[This blog previously featured an image of the nave of Exeter Cathedral by David Iliff, which has now been removed.]
Last year, I was delighted to be able to join the Grolier Club, America’s oldest bibliophilic society. Every year, the Club runs an exhibition for new members, an opportunity for other members, and the wider world, to a get a glimpse into a wide range of private collections. Due to the pandemic restrictions, it was decided that this year’s New Members Collect exhibition would be mounted online, rather than physically at the Club in New York City. It launched online yesterday, and you can visit the exhibition on the Club’s website.
I gave a brief presentation to fellow members yesterday about the book, or rather books, I chose for the exhibition, but I thought I would share details here, too. As I said yesterday, there are two particular pastimes which I have enjoyed all my life: reading and singing, both of which passions began when I was a child. I sang in various choirs throughout my childhood and teenage years and when I went to university I was lucky enough to get a choral scholarship in Exeter Cathedral Choir, where I sang for four years.
Exeter Cathedral is famed for having the longest uninterrupted medieval vaulted ceiling in the world and its Library houses the 10th-century Exeter Book, the largest extant collection of Old English literature. Among its other treasures is a set of medieval misericords, one of the largest such collections in England, which form the subject of the book I chose for the Grolier exhibition. As I hinted earlier, I in fact submitted two books:
These are copies of the first (and only) edition of a book published in 1849 about the Exeter misericords by a young priest called John William Hewett (1824–1886), who has been described as an ‘enthusiastic Anglo-Catholic of extreme views’. He certainly sounds single-minded, if you read his Wikipedia article.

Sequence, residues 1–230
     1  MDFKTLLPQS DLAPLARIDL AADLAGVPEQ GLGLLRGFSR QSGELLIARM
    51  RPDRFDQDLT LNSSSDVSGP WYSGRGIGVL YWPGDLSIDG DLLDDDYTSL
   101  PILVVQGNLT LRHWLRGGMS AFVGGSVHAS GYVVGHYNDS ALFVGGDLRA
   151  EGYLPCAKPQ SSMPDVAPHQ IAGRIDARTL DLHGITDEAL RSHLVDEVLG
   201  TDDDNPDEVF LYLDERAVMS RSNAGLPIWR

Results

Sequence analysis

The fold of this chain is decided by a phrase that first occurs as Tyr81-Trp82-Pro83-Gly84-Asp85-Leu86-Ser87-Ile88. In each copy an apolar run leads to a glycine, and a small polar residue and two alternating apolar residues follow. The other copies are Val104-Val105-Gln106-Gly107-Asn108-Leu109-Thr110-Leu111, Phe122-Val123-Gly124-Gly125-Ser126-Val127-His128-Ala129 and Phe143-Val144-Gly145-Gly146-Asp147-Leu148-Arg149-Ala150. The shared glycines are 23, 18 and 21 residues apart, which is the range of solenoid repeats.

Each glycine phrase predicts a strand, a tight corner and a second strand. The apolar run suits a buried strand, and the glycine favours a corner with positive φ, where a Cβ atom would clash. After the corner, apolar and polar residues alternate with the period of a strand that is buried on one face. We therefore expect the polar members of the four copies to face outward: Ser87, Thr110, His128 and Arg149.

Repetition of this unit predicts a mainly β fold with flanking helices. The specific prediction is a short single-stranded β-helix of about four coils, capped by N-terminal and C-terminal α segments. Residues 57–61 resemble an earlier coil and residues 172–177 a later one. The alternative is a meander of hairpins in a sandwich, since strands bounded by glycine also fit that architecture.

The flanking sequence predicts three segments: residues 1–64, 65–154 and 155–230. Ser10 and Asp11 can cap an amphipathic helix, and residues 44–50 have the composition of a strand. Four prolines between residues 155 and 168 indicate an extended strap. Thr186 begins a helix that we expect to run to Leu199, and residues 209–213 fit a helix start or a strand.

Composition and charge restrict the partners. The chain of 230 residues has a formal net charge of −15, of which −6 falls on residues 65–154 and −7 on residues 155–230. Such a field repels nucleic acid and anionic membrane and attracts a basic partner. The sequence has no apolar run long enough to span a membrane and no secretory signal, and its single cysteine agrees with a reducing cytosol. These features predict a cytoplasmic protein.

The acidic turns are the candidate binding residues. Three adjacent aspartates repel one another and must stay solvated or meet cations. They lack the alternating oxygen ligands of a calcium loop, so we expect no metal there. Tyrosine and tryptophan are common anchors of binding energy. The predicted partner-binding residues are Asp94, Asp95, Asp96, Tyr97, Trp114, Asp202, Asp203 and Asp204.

Hewett grew up in Devon (although, by an extraordinary coincidence, was born in the same town I was: Aylesbury, in Buckinghamshire), and he presumably visited the Cathedral regularly as he also published a Brief History of the building, which went through a number of editions. Early Wood Carving, however, only had the one, and it seems was something of a headache for the young Hewett. The prefatory Advertisement to the book records that:
It was the original intention of Mr. Hewett to present this Series of Early Wood Carvings, copied from the Misereres in the Choir of Exeter Cathedral, to his Subscribers, in Lithographic Plates from the experienced hand of Mr. Jobbins. But the limited, though distinguished, encouragement that he met with, forbade the great expenditure which must have been thus incurred. And he would have abandoned the Publication of his Drawings entirely, but for certain of the Subscribers most interested in Antiquarian Subjects, who wished him rather to avail himself of the Anastatic Transfer Process, than to withdraw altogether his undertaking. Mr. Hewett has therefore, at great personal inconvenience, caused the execution of the following outlines, the accuracy at least of which may be depended on, and has enjoined the utmost care in the general getting up of the book. The Publisher ventures to hope that all the Patrons of the work will be pleased to receive it, the more so as the impression has been strictly limited to Fifty Copies of the Small, and Ten of the Large Paper Editions.
As you can see from the photograph above, I have copies of both the Small and the Large Paper printings (280 × 218 mm and 425 × 268 mm respectively). My copy on large paper is a subscriber’s copy, too, coming from the collection Louisa, Lady Rolle (1794–1885), another single-minded Victorian:
As others will know, it’s only when you collect in any depth that things get interesting, and it’s only by having copies of both printings together that one sees that it is not only in size that they differ. The images in the large-paper printing have been tinted, something I have not seen noted anywhere else:
The Cathedral is currently planning a misericord conservation project. You can read more, and donate to support the work, here: